Regulars

My first job was as a server at Boston Market. One of my favorite regular customers was a man I thought of as Meatloaf Man. Really, this was not the most inventive name I could have come up with for him, but it suited him.

You see, once a week he came in for lunch and ordered a meatloaf meal with two sides: rice pilaf and creamed spinach. He also looked like the sort of guy who would order meatloaf. He was about 6’3″ and weighed at least 250 lbs. He had a ruddy complexion and thin, almost-black hair and big eyebrows. He would often wear a plaid flannel shirt under dirty overalls. This man was meatloafy through and through.

Then one day Boston Market stopped serving rice pilaf. Meatloaf Man came in and ordered his regular: meatloaf with rice pilaf and creamed spinach. I informed him, regretfully, that we didn’t serve rice pilaf anymore. He looked heartbroken. He took a step back, looked at the menu, and stewed a while. I think I asked if he would like mashed potatoes with brown gravy instead, and he said no.

Finally he decided on a sides meal: chicken salad and two other sides. No meatloaf.

He didn’t come in as often after that.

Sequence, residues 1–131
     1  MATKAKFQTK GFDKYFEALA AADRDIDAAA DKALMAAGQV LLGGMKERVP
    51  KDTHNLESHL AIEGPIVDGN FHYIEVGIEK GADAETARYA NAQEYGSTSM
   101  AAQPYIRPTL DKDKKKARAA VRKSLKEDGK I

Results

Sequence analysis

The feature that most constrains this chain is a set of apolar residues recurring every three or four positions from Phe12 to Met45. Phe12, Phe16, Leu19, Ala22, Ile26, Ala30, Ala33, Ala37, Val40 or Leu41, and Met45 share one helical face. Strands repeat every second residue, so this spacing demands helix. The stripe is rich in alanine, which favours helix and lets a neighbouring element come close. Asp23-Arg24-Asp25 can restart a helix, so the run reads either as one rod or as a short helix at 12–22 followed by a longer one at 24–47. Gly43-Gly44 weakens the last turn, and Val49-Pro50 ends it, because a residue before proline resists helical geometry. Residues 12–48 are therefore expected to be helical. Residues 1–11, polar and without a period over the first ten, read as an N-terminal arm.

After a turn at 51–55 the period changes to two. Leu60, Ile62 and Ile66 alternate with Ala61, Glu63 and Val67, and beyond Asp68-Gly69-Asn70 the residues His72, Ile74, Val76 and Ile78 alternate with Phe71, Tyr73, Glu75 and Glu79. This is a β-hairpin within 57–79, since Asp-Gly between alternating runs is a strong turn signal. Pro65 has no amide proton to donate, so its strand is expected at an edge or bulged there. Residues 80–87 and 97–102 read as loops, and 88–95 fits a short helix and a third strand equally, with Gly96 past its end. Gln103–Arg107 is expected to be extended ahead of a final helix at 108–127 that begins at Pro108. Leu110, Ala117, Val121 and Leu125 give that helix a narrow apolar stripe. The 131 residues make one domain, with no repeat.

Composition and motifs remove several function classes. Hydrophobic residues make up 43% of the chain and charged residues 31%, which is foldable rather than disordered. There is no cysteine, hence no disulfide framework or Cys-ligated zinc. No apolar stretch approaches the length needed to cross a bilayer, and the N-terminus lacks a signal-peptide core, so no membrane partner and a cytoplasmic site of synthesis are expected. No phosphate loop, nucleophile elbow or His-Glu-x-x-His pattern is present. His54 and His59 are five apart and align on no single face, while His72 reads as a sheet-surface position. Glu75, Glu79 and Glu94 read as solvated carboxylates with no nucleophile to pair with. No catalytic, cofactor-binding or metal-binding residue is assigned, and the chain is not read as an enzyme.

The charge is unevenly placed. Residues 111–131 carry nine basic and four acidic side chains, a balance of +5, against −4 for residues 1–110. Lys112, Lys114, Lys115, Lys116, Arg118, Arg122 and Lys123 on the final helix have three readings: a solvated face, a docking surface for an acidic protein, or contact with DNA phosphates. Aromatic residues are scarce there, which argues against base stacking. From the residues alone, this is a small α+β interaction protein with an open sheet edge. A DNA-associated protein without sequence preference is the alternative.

I thought of Meatloaf Man today when, for the fifteenth time in the last eight months or so, Jon Boy and I got a Five Buck pizza: medium, half with pepperoni, ham, and sausage, and half with ham and pineapple. It’s our regular. And I wondered whether the Five Buck Pizza employees have a nickname for us.

I can’t think of anything quite as catchy as Meatloaf Man, but then, I’ve already proven myself to be less than inventive.

4 Comments

    I’m guessing they still don’t really recognize us, because they GOT IT WRONG.

    When I used to work at Tomissito’s I had nicknames for all of the regular customers too. They weren’t creative or memorable, though, because I really don’t remember any of them.

    Did you work at the Tomassitos in the Cannon Center? If so, I hereby use this comment to mock you.

    When I was at McDonald’s, there was a little old man, thin and frail-looking, with white hair and an old brown coat, who used to come in and order a cheeseburger. Only one cheeseburger, always to go, always no bag. And he always paid with exact change.

    I loved the cheeseburger man, and I was sad every time prices went up. I would never tell him the new price, but other people must have, because eventually he’d come and pay the raised price in exact change.

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